The first seismic explosion of rock ‘n’ roll back in the 1950s certainly had its share of flamboyant figures. Clifton Elwood Gallup, 1930-1988, was not one of them. Big, tall, affably good natured, and several years older than Vincent and the rest of the Blue Caps, Gallup was anything but a 50s rock ‘n’ roll wild man or slouching, sneering hipster.
Between that first session in May 1956 and his departure from the band the following October, he played on 36 recordings by Gene Vincent and His Blue Caps. These include classics such as “Be-Bop-a-Lula,” “Crazy Legs,” “Who Slapped John,” “Blue Jean Bop,” “Cat Man,” “Double Talkin’ Baby,” Cruisin’,” and of course, the magnificent “Race With the Devil.” All together, however, Gallup’s short stint as a Blue Cap constitutes a veritable education in dazzling rockabilly guitar. Even when he wasn’t soloing, his guitar parts showed an advanced understanding of composition, and he routinely tossed off speedily intricate passages with seeming effortlessness.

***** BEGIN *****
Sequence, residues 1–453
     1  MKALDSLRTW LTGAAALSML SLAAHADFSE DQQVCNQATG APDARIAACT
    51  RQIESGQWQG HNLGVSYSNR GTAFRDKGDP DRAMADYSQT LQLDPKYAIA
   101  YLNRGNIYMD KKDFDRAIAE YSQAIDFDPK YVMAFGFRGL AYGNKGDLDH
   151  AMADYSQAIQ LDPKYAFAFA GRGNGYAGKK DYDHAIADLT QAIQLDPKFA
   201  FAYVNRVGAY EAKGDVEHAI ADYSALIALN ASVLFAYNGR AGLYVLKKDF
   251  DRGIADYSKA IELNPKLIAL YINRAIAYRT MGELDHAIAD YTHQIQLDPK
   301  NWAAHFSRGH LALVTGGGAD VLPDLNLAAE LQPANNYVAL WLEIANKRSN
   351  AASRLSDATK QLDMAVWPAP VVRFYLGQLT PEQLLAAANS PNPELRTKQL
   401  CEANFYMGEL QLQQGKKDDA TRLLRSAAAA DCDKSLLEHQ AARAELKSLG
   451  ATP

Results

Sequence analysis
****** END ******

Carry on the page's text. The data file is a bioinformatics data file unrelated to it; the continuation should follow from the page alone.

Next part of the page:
And yet he’s hardly a household name. Indeed, most have never heard of him (including a lot of guitar players), and his tenure as a Blue Cap was, as noted, exceedingly brief–not even one year. But make no mistake–Cliff Gallup is unquestionably one of the greatest guitar heroes of the 1950s. Just ask Jeff Beck, Brian Setzer, Jimmy Page, Eric Clapton, Albert Lee or any other among numerous acknowledged guitar greats who routinely adopt a tone of hushed reverence at the mention of Gallup’s name.
Learn more about Gallup on the Gretsch Guitars website along with information on the new Gretsch G6128T-CLFG Cliff Gallup Signature Duo Jet™.